Nebraska grain sorghum producers are being advised to be on the lookout for sugarcane aphids. While this pest hasn't been a problem in Nebraska previously, it is in Kansas and moving north. The sugarcane aphid is light yellow to gray in color, with dark cornicles (“tail-pipes”) at the end of the body and dark tarsi (feet). Adult aphids can be winged or wingless.
The first western bean cutworm moths were captured in University of Nebraska-Lincoln black light traps June 23 at Clay Center, June 27 at North Platte, and June 30 at Scottsbluff. Flights are currently increasing, particularly in North Platte. Scouting should be underway across much of the state.
Western corn rootworm beetles began emerging in southeast and south central Nebraska during the last week in June. Beetles typically emerge somewhat later in northeastern and western Nebraska. Scouting should be underway to determine field presence and possible need for treatment.
Japanese beetle adults are beginning to emerge in eastern Nebraska and have been reported feeding in corn and soybean. Here's how to differentiate them from the look-alike sand chafers and treatment thresholds to determine when treatment is recommended.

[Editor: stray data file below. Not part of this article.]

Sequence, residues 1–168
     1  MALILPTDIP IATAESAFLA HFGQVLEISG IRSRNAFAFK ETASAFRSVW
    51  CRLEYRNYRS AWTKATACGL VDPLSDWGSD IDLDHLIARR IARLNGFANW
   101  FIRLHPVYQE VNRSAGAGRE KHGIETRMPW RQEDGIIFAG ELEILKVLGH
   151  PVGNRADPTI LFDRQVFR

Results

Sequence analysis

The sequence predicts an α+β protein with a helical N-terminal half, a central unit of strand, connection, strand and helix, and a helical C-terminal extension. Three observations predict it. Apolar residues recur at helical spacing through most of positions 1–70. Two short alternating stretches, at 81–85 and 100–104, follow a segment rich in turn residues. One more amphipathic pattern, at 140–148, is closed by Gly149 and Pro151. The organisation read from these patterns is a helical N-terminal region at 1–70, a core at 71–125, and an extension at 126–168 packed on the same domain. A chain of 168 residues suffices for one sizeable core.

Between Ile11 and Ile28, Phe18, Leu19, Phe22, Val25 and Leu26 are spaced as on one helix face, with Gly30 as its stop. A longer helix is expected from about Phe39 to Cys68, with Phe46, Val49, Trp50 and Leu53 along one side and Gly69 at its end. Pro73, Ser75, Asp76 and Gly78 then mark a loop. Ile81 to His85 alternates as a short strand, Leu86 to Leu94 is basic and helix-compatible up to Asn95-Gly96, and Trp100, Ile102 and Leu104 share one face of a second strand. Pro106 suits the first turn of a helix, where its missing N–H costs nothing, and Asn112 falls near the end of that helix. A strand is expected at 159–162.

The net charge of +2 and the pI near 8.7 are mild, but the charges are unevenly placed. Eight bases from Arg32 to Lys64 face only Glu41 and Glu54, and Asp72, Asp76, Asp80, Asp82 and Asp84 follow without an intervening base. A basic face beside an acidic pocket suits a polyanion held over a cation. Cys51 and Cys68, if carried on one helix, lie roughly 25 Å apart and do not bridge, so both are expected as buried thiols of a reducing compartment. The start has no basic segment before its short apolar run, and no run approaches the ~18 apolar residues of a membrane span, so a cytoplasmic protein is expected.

Populations of immature grasshoppers are being reported in areas bordering crop fields in several parts of eastern Nebraska. If these grasshopper species are one of the four major species that are likely to infest cropland, control may be warranted. Check here are scouting guide and treatment thresholds and recommendations.
Accumulated degree-days offer a proven means for estimating when to scout for insects, including the western bean cutworm. Here's how to estimate insect growth and recommended dates to start scouting for WBC at 14 Nebraska sites.